Songs of the Spavinaw

I am the river of Spavinaw,
    I am the river of pain;
Sadness and gladness must answer my law;
Measure for measure I give, and withdraw
Back through the hills of the Spavinaw,
    Hiding away from the plain.

I am the river of Spavinaw;
    I sing the songs of the world;
Dashing and whirling, swishing and swirling,
Delicate, mystical, silvery spray hurling,
    Sing I the songs of the world,
    The passionate songs of the world.

I sing of laughter and mirth,
    And I laugh in a gurgle of glee
As the myriad joys of the earth
    Trip through the light with me.
Gay shallows dimple, sparkle and ripple.
    Like songs that a lover would sing,
      Skipping in moonlight,
      Tripping in moonlight,
    Whispering echoes of spring.

And again
    I move with the slow sadness of pain.
In my dark blue deep, where the shadows creep,
    I catch up life’s sorrows and mirror them back again.
And my song is a throbbing, pitiful sobbing,
    Choked by an agonized pain.

And then
    I move forth toward the beckoning north,
       And I sing of the power of men.
           As I dash down my falls,
           As I beat at my walls
Frantically fighting, running and righting,
All through the flood, through the snarling and biting,
       I sing of the power of men,
       Of the hurry and power of men.

       I am the river of Spavinaw,
       I am the giver of pain;
Sadness and gladness must answer my law;
Measure for measure I give, and withdraw
Back through the hills of the Spavinaw,
       Hiding away from the plain.

The Hunter’s Wooing

Come roam the wild hills, my Cherokee Rose, 
Come roam the wild hills with me. 
We’ll follow the path where the Spavinaw flows, 
Dashing wild on its way to the sea, 
On its wearisome way to the sea. 
We’ll chase the fleet deer from its lair in the woods;
We’ll follow the wolf to his den. 

When the sun hides his face, we’ll rest in the woods;
Hid away from the worry of men. 
Hid away from the bother of men. 

And then we’ll go home, my Cherokee Rose,
Where the Senecas live in the heart of the hills
By the rippling Cowskin, where the Saulchana grows, 
We’ll go home to the Coyauga hills, 
To the sheltering Coyauga hills. 

from “Sonnets from the Cherokee”

What is this nameless something that I want,
Forever groping blindly, without light,—
A ghost of pain that does forever haunt
My days, and make my heart eternal night?
I think it is your face I so long for,
Your eyes that read my soul at one warm glance;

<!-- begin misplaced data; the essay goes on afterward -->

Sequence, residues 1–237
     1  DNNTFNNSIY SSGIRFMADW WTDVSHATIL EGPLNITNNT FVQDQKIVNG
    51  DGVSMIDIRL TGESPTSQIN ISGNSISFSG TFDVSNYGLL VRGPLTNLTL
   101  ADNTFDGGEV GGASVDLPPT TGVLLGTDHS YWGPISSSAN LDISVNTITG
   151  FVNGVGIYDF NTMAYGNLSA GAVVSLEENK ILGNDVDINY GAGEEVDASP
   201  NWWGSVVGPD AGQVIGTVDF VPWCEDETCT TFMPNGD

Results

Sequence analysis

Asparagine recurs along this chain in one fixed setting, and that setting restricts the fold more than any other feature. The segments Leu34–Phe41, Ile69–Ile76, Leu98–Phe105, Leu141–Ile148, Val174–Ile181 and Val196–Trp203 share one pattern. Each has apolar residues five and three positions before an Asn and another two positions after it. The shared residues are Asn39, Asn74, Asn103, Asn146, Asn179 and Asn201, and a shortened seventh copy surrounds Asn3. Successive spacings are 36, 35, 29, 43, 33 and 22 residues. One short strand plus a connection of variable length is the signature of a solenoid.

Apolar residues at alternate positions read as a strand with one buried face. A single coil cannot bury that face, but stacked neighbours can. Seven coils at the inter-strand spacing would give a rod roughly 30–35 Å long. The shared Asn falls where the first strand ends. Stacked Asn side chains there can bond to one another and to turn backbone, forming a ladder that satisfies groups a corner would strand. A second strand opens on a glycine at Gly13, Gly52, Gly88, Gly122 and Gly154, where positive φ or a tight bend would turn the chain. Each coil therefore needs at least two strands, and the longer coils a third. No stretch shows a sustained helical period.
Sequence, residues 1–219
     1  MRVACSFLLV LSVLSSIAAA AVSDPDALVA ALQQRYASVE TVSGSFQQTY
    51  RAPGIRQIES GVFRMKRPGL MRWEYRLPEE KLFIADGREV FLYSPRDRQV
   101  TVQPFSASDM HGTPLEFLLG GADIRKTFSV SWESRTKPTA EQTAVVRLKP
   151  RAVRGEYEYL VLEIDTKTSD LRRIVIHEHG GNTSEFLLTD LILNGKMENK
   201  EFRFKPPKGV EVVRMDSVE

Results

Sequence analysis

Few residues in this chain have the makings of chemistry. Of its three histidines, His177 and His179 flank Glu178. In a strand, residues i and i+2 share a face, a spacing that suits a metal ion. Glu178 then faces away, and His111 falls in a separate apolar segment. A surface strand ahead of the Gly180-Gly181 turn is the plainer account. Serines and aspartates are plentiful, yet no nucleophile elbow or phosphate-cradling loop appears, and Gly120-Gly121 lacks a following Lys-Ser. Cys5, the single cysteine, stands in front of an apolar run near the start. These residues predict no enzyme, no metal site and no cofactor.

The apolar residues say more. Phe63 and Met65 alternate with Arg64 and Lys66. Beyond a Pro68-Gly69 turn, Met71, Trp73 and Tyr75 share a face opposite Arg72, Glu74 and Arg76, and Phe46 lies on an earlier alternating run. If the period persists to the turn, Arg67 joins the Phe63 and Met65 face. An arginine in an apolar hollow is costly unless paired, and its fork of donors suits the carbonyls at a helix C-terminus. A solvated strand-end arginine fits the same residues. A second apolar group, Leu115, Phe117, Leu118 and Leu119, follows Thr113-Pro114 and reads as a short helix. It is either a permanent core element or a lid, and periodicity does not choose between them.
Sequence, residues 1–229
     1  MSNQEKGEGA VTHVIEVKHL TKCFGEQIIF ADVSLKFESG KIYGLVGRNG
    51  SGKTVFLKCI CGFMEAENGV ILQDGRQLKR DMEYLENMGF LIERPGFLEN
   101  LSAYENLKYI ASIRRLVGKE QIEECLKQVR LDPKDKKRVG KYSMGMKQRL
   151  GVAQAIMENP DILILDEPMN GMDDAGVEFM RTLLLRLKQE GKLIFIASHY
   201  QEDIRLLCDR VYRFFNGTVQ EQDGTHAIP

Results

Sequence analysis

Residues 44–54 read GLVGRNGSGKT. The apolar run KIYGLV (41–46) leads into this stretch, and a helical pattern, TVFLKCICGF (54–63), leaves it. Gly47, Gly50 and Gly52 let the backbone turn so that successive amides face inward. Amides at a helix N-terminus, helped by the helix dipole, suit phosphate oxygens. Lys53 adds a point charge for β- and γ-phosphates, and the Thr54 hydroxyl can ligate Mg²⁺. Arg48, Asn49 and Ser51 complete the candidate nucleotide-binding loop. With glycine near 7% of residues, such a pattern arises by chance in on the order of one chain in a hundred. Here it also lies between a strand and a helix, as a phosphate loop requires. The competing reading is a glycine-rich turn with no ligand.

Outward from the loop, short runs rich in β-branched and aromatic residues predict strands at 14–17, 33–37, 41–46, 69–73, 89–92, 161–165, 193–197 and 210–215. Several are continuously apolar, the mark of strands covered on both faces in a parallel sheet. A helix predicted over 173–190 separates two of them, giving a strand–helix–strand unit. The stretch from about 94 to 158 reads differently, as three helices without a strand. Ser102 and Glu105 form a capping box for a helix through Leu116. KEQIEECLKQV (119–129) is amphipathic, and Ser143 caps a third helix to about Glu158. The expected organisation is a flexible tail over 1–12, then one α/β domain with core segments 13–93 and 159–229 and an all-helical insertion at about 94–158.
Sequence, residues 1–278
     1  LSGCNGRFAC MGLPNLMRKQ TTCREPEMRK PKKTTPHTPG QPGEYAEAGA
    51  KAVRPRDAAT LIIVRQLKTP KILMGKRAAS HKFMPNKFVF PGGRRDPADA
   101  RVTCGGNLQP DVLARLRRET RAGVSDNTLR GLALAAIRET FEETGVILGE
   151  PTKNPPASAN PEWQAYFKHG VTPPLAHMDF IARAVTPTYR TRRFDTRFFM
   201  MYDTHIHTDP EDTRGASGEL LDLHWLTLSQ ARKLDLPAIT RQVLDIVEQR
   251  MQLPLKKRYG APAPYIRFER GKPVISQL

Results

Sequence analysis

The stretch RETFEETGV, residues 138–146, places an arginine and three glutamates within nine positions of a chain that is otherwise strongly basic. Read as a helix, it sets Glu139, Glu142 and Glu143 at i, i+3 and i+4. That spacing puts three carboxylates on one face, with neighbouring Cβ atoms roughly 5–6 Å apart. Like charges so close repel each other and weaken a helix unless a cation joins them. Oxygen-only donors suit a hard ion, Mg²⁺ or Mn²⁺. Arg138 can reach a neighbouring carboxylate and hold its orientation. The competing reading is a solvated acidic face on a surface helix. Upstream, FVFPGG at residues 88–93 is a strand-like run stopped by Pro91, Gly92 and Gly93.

Your lips that I may touch with mine no more
Have left me in their stead a thrusting lance
Of fire that burns my lips and sears my heart
As all the dreary wanton years wear through
Their hopeless dragging days. No lover’s art
Can lift full, heavy sorrow from my view
Or still my restless longing, purge my hate,
Because I learned I loved you, dear, too late. 

If You Knew

If you could know the empty ache of loneliness,
          Masked well behind the calm indifferent face
Of us who pass you by in studied hurriedness,
          Intent upon our way, lest in the little space
Of one forgetful moment hungry eyes implore
          You to be kind, to open up your heart a little more,
I’m sure you’d smile a little kindlier, sometimes,
          To those of us you’ve never seen before.

If you could know the eagerness we’d grasp
          The hand you’d give to us in friendliness;
What vast, potential friendship in that clasp
          We’d press, and love you for your gentleness;
If you could know the wide, wide reach
          Of love that simple friendliness could teach,
I’m sure you’d say “Hello, my friend,” sometimes, 
          And now and then extend a hand in friendliness to each.

Related Poems

My Brook

Earth holds no sweeter secret anywhere
Than this my brook, that lisps along the green
Of mossy channels, where slim birch trees lean
Like tall pale ladies, whose delicious hair,
Lures and invites the kiss of wanton air.
The smooth soft grasses, delicate between
The rougher stalks, by waifs alone are seen,
Shy things that live in sweet seclusion there.

And is it still the same, and do the eyes
Of every silver ripple meet the trees
That bend above like guarding emerald skies?
I turn, who read the city’s beggared book,
And hear across the moan of many seas
The whisper and the laughter of my brook.